You can keep your blood glucose close to your target range if you:
Make healthy food choices and are active every day
Stay at a healthy weight
Take your medicine if needed
Check your blood glucose
All of the above
Teens with diabetes can eat sugar, sweets, and desserts.
Carbs that have a lot of fiber are:
White bread and white rice
Whole grain foods and fresh fruits and vegetables
Sweetened fruit drinks
Sweets and desserts
If you have diabetes, you should:
Get 60 minutes of physical activity every day
Get 20 minutes of physical activity every week
Limit your physical activity
Try to reach 10,000 steps a day
Both a and d
A type of fat that can be healthy for your heart comes from:
Nuts and avocado
You can get enough physical activity by just:
Watching TV and playing video games
Going for a walk on the weekend
Swimming at the beach in the summer
Being active every day in a way you enjoy
Teens with diabetes should not eat at fast food restaurants.
Teens get type 2 diabetes because:
They have certain genes
They are overweight
They have a family member who has diabetes
They are American Indian, Alaska Native, African American, Hispanic/Latino, Asian American, or Pacific Islander
All of the above
Diabetes is a disease in which your blood glucose (sugar) levels are too high. Glucose comes from the food you eat. Your blood always has some glucose in it because your body needs glucose for energy. But having too much glucose in your blood isn't healthy.
There are three main types of diabetes. In type 1 diabetes, the cells in the pancreas that make insulin are destroyed. If you have type 1 diabetes, you need to get insulin from shots or a pump everyday. In type 2 diabetes, the pancreas still makes some insulin but cells cannot use it very well. If you have type 2 diabetes, you may need to take insulin or pills to help your body use its glucose better. Gestational diabetes is another type of diabetes that can occur during pregnancy.
The best way to keep your blood glucose close to your target range is to make healthy food choices, be active everyday, and stay at a healthy weight. You may also need to take medicines (including insulin) and check your blood glucose.
Small amounts of foods that contain sugar can be part of a healthy meal plan. Desserts such as cakes, pies, cookies, and ice cream contain a lot of fat as well as sugar. If you choose to eat any of these sweet foods, just have a small amount at the end of a healthy meal. Talk to your healthcare team about how sweet foods can fit into your meal plan.
Some carbs are better for you than others. Choose fiber-rich carbs like whole grain foods and fresh fruits and vegetables. Choose carbs like white bread and white rice, sweetened fruit drinks, and sugary desserts less often. If you eat too many carbs at one time, your blood glucose may get too high.
Being active is an important part of a healthy lifestyle—whether your have diabetes or not. It can give you more energy and help you focus in school. If you haven't been very active in the past, start slowly. Don't get upset if you can't do a lot, or if you get out of breath at first. Pick something you like—riding a bike, roller blading, or dancing. Slowly work up to at least 60 minutes every day. You might find it fun to count your steps with a pedometer (step counter). Add a few more steps each day—try to reach 10,000 steps a day.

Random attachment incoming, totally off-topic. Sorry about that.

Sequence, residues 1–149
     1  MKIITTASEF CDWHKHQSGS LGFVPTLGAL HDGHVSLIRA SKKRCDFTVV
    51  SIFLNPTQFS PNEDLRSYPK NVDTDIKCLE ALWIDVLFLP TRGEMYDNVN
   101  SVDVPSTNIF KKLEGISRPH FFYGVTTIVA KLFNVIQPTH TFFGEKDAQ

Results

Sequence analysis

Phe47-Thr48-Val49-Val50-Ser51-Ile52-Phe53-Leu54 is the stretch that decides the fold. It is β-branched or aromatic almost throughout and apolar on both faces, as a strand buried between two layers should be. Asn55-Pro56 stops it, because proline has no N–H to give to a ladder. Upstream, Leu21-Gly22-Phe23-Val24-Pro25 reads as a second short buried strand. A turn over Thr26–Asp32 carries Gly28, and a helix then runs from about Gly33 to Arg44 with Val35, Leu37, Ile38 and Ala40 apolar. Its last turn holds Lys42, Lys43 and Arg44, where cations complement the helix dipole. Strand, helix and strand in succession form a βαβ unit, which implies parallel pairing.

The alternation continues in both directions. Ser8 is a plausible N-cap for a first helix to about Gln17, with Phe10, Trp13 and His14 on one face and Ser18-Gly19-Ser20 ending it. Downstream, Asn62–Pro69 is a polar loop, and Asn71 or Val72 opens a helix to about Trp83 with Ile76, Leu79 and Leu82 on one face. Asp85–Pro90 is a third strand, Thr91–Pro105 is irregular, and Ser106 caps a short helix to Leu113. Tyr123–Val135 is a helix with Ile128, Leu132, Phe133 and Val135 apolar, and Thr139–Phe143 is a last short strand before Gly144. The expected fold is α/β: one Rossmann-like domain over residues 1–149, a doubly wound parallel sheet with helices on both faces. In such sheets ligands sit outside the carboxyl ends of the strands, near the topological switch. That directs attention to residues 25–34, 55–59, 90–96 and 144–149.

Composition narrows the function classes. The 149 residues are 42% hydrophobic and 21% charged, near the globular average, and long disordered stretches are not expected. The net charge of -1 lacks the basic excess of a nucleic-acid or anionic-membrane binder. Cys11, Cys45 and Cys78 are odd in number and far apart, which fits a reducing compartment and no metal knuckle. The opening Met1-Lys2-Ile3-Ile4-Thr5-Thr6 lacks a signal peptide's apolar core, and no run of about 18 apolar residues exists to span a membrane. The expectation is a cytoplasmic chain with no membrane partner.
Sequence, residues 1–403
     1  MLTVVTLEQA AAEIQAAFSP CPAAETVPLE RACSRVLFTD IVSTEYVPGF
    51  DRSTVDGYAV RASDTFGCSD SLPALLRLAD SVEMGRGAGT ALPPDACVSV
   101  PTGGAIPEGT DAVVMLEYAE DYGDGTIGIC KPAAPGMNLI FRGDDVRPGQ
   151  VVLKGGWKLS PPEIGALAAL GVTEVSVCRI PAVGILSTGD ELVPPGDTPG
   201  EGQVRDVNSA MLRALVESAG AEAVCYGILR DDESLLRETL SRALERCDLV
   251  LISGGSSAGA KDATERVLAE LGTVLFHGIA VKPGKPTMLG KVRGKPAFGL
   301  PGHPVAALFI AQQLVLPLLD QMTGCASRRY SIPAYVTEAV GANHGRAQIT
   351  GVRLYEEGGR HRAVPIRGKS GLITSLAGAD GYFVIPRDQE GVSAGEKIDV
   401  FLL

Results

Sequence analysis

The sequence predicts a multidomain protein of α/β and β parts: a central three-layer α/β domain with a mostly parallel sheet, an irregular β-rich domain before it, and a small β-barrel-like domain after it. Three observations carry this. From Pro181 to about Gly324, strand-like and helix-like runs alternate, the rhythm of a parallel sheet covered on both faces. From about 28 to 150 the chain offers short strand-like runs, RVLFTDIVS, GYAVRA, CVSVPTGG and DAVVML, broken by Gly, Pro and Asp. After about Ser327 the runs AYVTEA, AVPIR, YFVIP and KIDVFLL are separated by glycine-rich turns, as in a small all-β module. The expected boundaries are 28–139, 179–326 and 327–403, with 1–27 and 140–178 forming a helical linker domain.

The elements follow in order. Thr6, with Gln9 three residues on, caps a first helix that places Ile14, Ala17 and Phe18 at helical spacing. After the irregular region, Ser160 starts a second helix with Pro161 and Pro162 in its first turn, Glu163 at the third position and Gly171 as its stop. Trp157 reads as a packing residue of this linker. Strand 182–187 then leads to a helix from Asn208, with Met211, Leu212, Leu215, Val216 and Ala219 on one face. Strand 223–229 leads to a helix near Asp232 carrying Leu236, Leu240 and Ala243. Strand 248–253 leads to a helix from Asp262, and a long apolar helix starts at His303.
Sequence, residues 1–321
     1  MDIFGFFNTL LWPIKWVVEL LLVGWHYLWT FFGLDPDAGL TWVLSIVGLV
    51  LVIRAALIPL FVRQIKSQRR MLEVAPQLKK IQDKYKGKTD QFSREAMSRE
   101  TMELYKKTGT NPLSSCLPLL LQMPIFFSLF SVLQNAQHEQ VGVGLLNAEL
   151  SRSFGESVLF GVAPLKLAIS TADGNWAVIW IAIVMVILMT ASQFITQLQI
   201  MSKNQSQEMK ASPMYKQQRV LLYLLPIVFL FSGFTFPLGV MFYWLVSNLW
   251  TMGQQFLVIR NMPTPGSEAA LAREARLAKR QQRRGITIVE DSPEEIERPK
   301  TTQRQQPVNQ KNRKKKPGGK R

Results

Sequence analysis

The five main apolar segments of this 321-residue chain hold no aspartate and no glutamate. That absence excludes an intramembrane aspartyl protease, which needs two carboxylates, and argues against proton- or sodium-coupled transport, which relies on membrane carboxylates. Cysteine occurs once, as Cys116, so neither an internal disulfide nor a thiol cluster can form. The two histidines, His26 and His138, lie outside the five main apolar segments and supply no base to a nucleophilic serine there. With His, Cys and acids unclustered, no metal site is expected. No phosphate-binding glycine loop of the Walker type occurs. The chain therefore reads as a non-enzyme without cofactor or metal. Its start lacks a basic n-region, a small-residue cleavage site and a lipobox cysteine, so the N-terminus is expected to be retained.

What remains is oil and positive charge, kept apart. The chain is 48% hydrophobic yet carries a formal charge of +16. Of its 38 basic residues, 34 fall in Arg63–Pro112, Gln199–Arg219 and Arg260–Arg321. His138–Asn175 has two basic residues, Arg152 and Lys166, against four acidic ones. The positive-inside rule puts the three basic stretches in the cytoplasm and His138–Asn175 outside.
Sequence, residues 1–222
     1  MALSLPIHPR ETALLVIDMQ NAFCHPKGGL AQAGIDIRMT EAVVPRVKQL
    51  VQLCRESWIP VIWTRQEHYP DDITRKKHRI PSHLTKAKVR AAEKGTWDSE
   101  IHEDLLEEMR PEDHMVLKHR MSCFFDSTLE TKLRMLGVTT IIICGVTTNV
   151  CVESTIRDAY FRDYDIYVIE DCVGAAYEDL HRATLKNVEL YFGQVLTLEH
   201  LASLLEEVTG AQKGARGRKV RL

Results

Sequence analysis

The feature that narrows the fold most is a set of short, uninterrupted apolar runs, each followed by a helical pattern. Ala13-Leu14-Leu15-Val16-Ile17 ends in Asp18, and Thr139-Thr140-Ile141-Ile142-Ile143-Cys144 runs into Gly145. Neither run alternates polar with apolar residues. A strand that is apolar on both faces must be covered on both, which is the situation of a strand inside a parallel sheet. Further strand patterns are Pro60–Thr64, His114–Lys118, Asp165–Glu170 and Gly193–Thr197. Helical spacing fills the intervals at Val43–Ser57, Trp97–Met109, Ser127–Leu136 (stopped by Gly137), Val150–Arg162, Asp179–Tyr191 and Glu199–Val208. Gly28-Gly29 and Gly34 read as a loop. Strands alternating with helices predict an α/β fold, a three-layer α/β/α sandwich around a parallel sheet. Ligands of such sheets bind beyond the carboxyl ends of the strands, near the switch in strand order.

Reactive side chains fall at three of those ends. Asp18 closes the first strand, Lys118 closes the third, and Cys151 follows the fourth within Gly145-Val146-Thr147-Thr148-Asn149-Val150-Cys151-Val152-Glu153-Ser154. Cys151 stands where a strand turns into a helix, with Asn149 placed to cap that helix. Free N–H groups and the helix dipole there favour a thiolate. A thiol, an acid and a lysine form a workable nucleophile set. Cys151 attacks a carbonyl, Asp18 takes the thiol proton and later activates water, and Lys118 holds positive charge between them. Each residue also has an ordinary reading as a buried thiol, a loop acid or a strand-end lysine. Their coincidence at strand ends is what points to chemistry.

Some types of fats are better for you than others. Choose heart-healthy fats like a ¼ cup of nuts or one slice of avocado. Fats like chicken skin, whole milk, and butter are not heart-healthy fats. When you drink milk, pick low-fat or nonfat milk. Remember that all fats have lots of calories, so you need to limit your portion sizes.
It's important to be active every day! Physical activity can make you feel better if you are in a bad mood or stressed out. It also helps your body use blood glucose for energy. You don't have to play a sport or go to a gym. Ask your family members and friends to do something fun with you—take a walk after dinner instead of watching TV and playing video games, or put on a CD and dance.
You can eat at fast-food restaurants, just not every day. When you do, don't "super-size" it. Choose a simple hamburger rather than a burger covered with sauce, cheese, and bacon. Add a baked potato with a small serving of sour cream or a small serving of fries. Choose a small salad with low-calorie dressing. Meals that are healthy for teens with diabetes are great for everyone—you, your family, and your friends.
There are many reasons why teens get type 2 diabetes. Being overweight puts you at risk for type 2 diabetes. Having a family member with diabetes means that certain family genes increase the risk for type 2 diabetes. Some racial groups also have a greater chance of getting type 2 diabetes—American Indians, Alaska Natives, African Americans, Hispanics/Latinos, Asian Americans, and Pacific Islanders. Genes also appear to interact with things like viruses and toxins in the environment to cause type 1 diabetes.